Member/Producers receive hands-on instruction in videography, video editing, radio production and more. Once certified, member/producers check out CAPS Media’s video cameras, tripods, audio gear and other production equipment to record their project and craft the story they want to tell. Go to capsmedia.org for information or call 805-658-0500.
CAPS Media’s mission is to create an engaged and informed community through participation in electronic media.
∙ Have you written a book – or have been thinking about self-publishing and don’t know where to start? If so, The Breeze is presenting a self-publishing seminar on March 24. (see ad on page 24 to learn all about it).
∙ Okay, I give up – no more Trump comments by me (or cartoons by others). Readers, of course, are welcome to send in your comments about any topic. So, keep sending in those opinions. I do reserve the right to comment though on opinions, which I am doing below. As always, if you write to support Trump, please tell us why you think he is a good President.
From a reader:
I’m from out of town and visit for business every 6 weeks. While here, I enjoy reading your newspaper. Although I have no comment on the disrespectful cartoon you published (I didn’t see it) in your response to Beth Brokken, you had to add for the record that Hillary received over two million votes than President Trump. I believe a fair comparison would be to publish a map of the USA with every county and by color of the winner. You will see President Trump winning most of the country and Hillary winning the large cities. The large cities don’t speak for me and most hard working Americans. This is also true for this state and our recent elections. Very sad with the 2018 results.
Jeffrey “Putt” Mills Gavilan Hills, CA
Sheldon’s email response: Thanks for sending – will be in February 13 issue. Don’t you think whoever gets the most votes should win?
Jeff: Absolutely not. The electoral college checks the balance of the big city to rural America.
Sheldon: The Convention approved the Committee’s Electoral College proposal, with minor modifications, on September 6, 1787. How could something passed in 1787 possibly have any
application to today? The population in 1787 was under 4 million – today it is 326 million – and the flag had 13 stars. And, some historians believe that the whole purpose of the College was to keep slavery alive and well.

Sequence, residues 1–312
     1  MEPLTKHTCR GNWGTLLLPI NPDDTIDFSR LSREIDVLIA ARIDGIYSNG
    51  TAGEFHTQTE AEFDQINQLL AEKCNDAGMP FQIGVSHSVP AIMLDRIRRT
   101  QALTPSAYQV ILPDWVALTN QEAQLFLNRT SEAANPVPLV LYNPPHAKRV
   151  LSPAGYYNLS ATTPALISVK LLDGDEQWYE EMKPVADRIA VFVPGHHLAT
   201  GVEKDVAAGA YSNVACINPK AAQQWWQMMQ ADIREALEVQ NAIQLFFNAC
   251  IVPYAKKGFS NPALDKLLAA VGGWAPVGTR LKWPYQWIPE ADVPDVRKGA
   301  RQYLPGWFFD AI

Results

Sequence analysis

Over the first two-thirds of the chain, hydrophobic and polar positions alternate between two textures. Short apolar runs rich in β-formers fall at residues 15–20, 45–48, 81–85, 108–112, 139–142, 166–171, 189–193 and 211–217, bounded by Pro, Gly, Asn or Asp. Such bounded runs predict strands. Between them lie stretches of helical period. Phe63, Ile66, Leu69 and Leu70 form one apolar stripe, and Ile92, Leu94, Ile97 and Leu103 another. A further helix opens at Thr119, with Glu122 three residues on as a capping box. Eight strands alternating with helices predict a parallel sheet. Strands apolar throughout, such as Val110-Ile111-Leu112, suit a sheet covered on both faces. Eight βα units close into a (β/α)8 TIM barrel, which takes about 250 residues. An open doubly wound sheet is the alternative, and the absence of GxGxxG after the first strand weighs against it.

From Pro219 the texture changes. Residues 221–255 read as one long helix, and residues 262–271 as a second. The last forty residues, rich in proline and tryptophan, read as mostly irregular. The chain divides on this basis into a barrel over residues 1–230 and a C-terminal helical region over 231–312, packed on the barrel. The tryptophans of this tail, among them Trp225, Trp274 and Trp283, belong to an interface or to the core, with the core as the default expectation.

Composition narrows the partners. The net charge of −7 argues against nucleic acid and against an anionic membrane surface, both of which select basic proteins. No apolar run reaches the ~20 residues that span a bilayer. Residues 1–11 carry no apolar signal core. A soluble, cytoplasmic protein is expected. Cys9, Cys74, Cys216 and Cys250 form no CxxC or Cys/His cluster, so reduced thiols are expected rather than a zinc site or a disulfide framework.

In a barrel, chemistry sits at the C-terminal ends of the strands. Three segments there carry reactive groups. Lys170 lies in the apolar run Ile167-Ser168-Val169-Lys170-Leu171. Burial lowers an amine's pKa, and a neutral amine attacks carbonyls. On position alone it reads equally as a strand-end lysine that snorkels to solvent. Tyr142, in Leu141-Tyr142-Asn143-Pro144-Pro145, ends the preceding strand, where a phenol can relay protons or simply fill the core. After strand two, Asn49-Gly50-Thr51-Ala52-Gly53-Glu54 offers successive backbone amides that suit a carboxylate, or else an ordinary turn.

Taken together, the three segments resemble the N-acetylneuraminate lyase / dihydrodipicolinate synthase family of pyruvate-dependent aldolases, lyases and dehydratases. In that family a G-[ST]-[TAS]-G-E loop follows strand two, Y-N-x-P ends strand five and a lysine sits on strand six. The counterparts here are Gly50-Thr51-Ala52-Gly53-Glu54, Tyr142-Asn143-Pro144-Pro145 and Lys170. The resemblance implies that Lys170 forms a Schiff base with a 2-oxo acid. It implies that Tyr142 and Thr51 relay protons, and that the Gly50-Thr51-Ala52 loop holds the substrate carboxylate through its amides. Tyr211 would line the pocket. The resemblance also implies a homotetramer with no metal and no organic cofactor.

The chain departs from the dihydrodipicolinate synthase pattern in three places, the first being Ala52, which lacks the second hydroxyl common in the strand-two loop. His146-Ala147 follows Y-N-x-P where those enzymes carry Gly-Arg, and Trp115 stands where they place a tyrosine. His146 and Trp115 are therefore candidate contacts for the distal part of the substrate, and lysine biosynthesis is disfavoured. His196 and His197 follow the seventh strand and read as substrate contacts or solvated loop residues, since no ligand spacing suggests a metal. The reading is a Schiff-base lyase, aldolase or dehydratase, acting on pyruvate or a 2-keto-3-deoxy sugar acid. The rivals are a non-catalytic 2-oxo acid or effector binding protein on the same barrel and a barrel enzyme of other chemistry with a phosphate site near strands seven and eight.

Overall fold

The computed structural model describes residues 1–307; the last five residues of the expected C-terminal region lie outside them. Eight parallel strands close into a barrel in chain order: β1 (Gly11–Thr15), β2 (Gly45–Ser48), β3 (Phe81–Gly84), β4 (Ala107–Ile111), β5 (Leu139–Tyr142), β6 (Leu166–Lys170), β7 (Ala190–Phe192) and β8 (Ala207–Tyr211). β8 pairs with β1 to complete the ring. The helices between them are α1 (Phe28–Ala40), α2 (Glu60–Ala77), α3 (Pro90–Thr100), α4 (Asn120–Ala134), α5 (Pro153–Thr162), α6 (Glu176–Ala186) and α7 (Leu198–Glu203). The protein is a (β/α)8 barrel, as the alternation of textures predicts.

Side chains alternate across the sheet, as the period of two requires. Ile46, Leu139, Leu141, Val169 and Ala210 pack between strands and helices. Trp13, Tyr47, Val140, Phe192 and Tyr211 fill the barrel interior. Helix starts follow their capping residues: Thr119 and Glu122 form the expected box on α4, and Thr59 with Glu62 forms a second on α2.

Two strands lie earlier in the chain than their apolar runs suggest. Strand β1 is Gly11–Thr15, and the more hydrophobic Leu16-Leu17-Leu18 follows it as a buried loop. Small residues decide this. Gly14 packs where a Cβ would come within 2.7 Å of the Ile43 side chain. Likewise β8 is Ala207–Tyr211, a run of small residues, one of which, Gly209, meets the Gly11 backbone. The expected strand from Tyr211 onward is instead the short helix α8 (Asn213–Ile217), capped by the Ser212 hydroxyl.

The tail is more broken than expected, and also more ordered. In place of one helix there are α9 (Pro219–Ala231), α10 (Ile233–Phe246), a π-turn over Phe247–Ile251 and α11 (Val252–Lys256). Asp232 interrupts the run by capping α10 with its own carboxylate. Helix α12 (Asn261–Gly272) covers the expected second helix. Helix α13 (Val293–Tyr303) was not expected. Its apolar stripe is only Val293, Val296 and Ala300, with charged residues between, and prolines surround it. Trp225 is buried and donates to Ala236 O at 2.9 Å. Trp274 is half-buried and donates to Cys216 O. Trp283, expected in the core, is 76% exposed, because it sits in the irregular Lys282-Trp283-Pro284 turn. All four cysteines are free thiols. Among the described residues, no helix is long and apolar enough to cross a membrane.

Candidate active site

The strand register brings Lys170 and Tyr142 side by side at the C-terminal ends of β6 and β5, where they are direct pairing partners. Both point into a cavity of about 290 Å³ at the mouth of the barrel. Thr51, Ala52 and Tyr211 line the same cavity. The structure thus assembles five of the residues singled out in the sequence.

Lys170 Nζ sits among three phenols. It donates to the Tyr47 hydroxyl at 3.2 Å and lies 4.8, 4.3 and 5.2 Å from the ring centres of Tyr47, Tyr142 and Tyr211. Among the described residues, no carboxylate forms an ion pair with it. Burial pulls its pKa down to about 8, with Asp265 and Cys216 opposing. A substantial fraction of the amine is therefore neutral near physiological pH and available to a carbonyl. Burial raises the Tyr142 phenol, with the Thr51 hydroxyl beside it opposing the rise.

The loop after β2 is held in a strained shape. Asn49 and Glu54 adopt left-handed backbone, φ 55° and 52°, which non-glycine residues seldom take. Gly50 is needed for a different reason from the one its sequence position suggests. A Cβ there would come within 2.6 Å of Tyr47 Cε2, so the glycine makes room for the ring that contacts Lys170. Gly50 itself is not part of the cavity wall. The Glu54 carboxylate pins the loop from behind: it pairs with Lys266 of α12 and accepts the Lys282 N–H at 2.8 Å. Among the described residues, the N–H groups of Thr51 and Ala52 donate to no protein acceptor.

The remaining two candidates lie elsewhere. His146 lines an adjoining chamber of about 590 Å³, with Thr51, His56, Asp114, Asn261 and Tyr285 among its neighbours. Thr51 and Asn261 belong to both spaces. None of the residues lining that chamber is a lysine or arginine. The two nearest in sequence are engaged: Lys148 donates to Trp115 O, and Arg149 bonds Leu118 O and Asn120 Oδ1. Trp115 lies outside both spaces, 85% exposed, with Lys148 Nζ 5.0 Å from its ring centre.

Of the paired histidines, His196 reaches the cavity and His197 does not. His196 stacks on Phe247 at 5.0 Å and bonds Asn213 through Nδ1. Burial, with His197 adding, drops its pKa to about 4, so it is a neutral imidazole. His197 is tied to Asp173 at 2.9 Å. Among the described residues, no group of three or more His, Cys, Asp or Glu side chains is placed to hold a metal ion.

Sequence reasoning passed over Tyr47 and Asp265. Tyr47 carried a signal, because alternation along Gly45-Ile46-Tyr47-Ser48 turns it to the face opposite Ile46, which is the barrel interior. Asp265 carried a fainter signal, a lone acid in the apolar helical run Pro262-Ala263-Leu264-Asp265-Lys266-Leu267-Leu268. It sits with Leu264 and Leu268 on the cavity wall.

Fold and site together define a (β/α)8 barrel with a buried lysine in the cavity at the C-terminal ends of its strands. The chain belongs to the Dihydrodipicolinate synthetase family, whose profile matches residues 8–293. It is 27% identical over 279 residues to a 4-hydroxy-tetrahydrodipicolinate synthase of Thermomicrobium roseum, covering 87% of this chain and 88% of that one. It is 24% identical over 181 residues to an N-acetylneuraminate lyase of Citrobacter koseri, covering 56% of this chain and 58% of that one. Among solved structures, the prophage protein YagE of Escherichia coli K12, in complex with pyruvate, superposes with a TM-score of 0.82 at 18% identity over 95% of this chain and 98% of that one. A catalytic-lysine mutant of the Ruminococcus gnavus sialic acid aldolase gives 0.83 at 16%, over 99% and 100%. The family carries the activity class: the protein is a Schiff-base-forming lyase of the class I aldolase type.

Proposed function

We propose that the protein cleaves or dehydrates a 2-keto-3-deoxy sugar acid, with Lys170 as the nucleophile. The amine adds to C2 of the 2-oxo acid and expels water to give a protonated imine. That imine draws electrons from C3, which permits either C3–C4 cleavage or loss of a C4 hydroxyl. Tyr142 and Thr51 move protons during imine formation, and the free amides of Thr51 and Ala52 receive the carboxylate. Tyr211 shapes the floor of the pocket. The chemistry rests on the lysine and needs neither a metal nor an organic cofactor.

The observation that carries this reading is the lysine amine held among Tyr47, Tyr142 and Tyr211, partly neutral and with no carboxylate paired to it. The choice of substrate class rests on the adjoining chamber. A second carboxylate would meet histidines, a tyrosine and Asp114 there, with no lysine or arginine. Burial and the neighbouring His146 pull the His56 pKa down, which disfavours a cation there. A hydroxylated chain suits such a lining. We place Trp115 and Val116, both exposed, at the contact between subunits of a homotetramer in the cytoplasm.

Using that concept, the vote of a person in Charlotte (population 860,000) means more than a vote in Ojai (population 8,000). If someone lives in New York, but moves to Georgia, their vote is now more important. It’s a ridiculous law that has absolutely no meaning today and should be removed. This isn’t 1778.
Can you imagine what would have happened if Trump had received two million more votes than Hillary and she won the election because of the Electoral College? Instead of carrying MAGA posters, Trump supporting would be carrying ATEC (abolish the electoral college) posters.
Okay if I quote Trump? “Since the founding of our nation, many of our greatest strides – from gaining our independence to abolition of civil rights to extending the vote for women – have been led by people of faith.”
∙ From the LA Times: “Los Angeles recorded its highest level of hate crimes in a decade, with a nearly 13% increase in 2018 over the year before.”
∙ I hear some people in Ventura complaining saying this: “Well, Ventura is screwing us again and making us become part of the Clean Power Alliance without getting our approval.” Almost 40 cities, as well as unincorporated parts of Los Angeles and Ventura counties have adopted it. And if you don’t want to be a part of it, all you need to do is go to their Web site and “opt out” – it’s as simple as that.
Clean Power Alliance customers will still receive their bills from Edison.
∙ 2018, on average, was the fourth hottest year around the planet since modern record-keeping began in 1880 and 2019 is predicted to be even hotter.
The hottest five years on record are, in fact, the last five years.
∙ The 1099 tax forms have an income field to add “Fishing boat proceeds”. Are fishing boat proceeds different than other income? Do any of you understand this?
∙ Want to prolong your life expectancy by more than a decade? A new study suggests that you can do just that by following these five healthy habits: Never smoke, maintain a healthy body-mass index, keep up moderate to vigorous exercise, don’t drink too much alcohol, and eat a healthy diet (and read the Ventura Breeze to keep your mind sharp).
Adhering to those five lifestyle factors at age 50, compared with not adhering to any of them, was associated with 14 additional years of life expectancy among women and 12.2 additional years among men in the study, which was recently published in the journal Circulation.
∙ Southern California Edison has submitted a wildfire mitigation plan to the California Public Utilities Commission. This was required by Senate Bill 901 passed in 2018. They plan to cut down thousands of trees in high-risk fire areas and inspect thousands of miles of power lines. The question is, will these efforts result in higher utility bills for users?
Hoping to reduce wildfire risks and increase the growth of native plants, conservation groups in the San Diego area have removed palm trees which burn like Roan candles. And their fronds are blown by high winds easily spreading fires. Removing trees is always disturbing to see but certain species just burn too easily.
∙ Apparently, members of Homo Neanderthalensis were the height of sophistication. These ancient hominins ranged across Europe and parts of Asia for more than 300,000 years while producing tools, jewelry and impressive cave art. They cared for their sick and elderly and even performed a primitive kind of dentistry without anesthesia. And, we all contain between 2-4% of Neanderthal DNA, so the next time someone calls you a Neanderthal, just say “thank you.”